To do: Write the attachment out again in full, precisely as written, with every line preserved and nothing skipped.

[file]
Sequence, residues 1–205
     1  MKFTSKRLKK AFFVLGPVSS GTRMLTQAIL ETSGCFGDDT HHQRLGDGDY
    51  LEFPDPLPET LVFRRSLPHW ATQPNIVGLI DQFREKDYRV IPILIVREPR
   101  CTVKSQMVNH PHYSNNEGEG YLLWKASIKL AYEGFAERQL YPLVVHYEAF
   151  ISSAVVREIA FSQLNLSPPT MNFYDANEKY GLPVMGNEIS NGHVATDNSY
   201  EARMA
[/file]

Sequence, residues 1–205
     1  MKFTSKRLKK AFFVLGPVSS GTRMLTQAIL ETSGCFGDDT HHQRLGDGDY
    51  LEFPDPLPET LVFRRSLPHW ATQPNIVGLI DQFREKDYRV IPILIVREPR
   101  CTVKSQMVNH PHYSNNEGEG YLLWKASIKL AYEGFAERQL YPLVVHYEAF
   151  ISSAVVREIA FSQLNLSPPT MNFYDANEKY GLPVMGNEIS NGHVATDNSY
   201  EARMA